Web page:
Sen. Lindsey Graham follows three other Republican presidential wannabes who came to their senses and dropped out of the 2016 race for the White House.
Graham of South Carolina made the announcement Monday on a YouTube video. Others who exited the crowded stage ahead of him were Louisiana Gov. Bobby Jindal in November, Wisconsin Gov. Scott Walker in September and former Texas Gov. Rick Perry also in September.
Each struggled to get and stockpile enough of the two “M”s that are essential in any presidential campaign — media attention and money.
They are the rocket fuel that enable candidates to defy political gravity, keeping their presidential hopes afloat and preventing them from crashing and burning over the least little misstatement or stumble. The media attention helps to pull in more political donations, and the money is essential in getting more media attention.
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Neither can exist without the other.
The candidates who dropped out learned that lesson. It has been especially difficult this year for presidential contenders with billionaire Donald Trump leading in the polls. He gets the media attention with the outrageous statements he makes, sucking away the political oxygen from everyone else.
Trump also has the money, and a growing number of people want to give him still more.
Despite the shrinking number of GOP candidates, there are still far too many remaining. The crowded field of people with everyone talking is like being caught in some desolate part of dirt-road Kansas, where there is no cellphone signal and the only thing playing on the radio is a mix of stations, producing only static and an incomprehensible blob of voices from all over America.
The GOP presidential hopeful trying to hang on through the Feb. 1 Iowa caucuses are (in alphabetical order to keep from showing any preference) former Florida Gov. Jeb Bush; retired neurosurgeon Ben Carson; New Jersey Gov. Chris Christie; Sen. Ted Cruz of Texas; Carly Fiorina, a former technology company chief executive; former Arkansas Gov. Mike Huckabee; Ohio Gov. John Kasich; former New York Gov. George Pataki; Sen. Rand Paul of Kentucky; Sen. Marco Rubio of Florida; former Sen. Rick Santorum of Pennsylvania; and Donald Trump.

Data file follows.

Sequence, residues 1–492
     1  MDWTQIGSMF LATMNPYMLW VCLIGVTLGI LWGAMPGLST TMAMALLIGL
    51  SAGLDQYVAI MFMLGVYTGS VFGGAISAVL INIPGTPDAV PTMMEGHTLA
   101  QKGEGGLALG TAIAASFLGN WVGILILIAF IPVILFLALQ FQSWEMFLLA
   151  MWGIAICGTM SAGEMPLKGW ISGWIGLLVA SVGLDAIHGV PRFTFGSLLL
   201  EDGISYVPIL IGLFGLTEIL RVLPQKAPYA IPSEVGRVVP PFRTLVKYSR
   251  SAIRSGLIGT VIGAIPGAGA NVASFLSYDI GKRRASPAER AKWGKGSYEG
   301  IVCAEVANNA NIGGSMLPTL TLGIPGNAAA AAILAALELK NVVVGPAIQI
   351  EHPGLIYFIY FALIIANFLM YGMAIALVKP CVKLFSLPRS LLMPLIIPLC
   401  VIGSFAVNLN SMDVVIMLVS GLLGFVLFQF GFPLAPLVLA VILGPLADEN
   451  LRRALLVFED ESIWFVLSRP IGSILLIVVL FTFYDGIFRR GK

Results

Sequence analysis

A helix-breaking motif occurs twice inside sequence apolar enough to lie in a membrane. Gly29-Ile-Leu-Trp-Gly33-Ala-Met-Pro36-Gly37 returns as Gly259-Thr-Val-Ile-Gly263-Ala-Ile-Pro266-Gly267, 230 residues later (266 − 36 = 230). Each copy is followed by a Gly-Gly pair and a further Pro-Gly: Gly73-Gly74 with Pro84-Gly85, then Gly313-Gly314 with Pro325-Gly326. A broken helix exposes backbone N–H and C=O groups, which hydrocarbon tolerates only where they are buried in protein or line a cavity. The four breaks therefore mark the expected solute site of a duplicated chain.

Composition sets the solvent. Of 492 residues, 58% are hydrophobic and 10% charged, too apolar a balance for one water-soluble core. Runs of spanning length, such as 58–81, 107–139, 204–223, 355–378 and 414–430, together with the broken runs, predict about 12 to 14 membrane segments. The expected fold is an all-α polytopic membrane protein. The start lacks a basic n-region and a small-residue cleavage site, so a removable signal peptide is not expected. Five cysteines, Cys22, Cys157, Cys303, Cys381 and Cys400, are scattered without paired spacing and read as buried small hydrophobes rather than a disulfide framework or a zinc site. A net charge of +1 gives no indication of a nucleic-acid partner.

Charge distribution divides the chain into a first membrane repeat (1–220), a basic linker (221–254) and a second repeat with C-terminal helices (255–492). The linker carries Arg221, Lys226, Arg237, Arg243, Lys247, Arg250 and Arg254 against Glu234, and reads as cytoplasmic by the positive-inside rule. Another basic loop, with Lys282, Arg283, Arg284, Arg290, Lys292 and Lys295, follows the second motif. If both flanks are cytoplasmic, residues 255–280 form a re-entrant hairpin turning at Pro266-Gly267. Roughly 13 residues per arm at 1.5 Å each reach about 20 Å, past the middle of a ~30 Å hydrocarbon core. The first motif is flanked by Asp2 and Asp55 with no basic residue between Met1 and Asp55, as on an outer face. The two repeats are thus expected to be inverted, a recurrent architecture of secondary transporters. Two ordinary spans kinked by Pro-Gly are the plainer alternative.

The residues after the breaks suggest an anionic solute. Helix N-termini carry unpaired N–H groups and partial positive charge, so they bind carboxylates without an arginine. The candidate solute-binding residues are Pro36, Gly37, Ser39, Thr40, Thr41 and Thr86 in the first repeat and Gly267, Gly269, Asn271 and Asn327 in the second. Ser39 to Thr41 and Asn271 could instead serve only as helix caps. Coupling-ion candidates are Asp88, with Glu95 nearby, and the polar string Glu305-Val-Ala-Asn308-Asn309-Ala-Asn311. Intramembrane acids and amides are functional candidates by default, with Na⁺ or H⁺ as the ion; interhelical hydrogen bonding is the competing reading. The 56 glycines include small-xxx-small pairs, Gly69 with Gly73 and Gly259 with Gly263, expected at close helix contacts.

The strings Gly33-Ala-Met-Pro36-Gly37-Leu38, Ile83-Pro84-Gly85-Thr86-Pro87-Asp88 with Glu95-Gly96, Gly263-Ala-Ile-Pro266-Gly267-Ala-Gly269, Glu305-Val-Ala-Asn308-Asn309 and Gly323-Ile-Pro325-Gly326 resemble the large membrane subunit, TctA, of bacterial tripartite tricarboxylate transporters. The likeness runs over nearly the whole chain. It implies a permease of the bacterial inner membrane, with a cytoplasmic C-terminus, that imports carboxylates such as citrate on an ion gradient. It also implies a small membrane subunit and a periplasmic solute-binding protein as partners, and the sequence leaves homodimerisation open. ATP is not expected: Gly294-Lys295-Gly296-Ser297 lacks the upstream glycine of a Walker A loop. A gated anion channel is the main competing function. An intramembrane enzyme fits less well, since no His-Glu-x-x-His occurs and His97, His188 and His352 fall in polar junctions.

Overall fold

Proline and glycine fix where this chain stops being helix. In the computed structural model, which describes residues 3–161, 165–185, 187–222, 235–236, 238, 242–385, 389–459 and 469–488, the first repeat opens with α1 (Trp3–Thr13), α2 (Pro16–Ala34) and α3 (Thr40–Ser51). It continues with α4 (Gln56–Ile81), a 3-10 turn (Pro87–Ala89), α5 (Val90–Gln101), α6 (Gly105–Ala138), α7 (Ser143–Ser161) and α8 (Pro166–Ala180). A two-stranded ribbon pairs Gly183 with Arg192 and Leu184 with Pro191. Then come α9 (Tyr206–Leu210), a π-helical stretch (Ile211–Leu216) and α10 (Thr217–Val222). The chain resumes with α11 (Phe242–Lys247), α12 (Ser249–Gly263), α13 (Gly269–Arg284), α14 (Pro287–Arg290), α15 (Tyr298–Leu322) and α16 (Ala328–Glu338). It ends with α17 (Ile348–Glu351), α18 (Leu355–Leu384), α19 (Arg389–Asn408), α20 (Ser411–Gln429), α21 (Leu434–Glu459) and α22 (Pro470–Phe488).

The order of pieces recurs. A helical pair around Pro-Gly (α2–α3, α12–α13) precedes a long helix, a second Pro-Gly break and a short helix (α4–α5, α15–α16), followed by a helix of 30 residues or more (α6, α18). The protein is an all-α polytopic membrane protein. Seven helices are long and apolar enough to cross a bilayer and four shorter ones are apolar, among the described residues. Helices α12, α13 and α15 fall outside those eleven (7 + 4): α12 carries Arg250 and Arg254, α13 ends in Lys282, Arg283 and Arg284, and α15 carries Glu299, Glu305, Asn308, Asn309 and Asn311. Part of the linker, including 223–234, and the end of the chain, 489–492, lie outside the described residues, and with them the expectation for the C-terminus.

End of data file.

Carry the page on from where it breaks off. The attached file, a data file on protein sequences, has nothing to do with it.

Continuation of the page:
The vulnerable among the 12 (again in alphabetical order) are Bush, Christie, Huckabee, Kasick, Pataki, Paul and Santorum. If these seven were to come to their senses and drop out before or after the Iowa caucuses, that would give voters five remaining candidates from which to pick the next Republican presidential nominee and his or her likely running mate.
Again in alphabetical order, one stage for GOP presidential debates could easily hold Carson, Cruz, Fiorina, Rubio and Trump. That set makes for an incredibly diverse group — especially for the Republican Party, which has had a history of focusing on white males to the exclusion of people of color and everyone else.
Voters in primaries would get to chose from a woman, an African American, two Hispanics and a wealthy white guy. Imagine the money and media attention each then could garner. Maybe by the time the field is narrowed, each will speak his/her own mind and stop trying to out Trump The Donald with the same old Republican song.
The Democrats would be green with envy.
For the GOP, the remaining field for the White House would be the ethnic-and-racial dream that some people in the Republican Party have always wanted. But no amount of planning, focus group sessions, back-room deals, wringing of hands or gnashing of teeth could have made it happen.
Only the country becoming more racially and ethnically diverse could have made this a reality. It makes watching the continuing GOP campaign much more intriguing if diversity is the final outcome.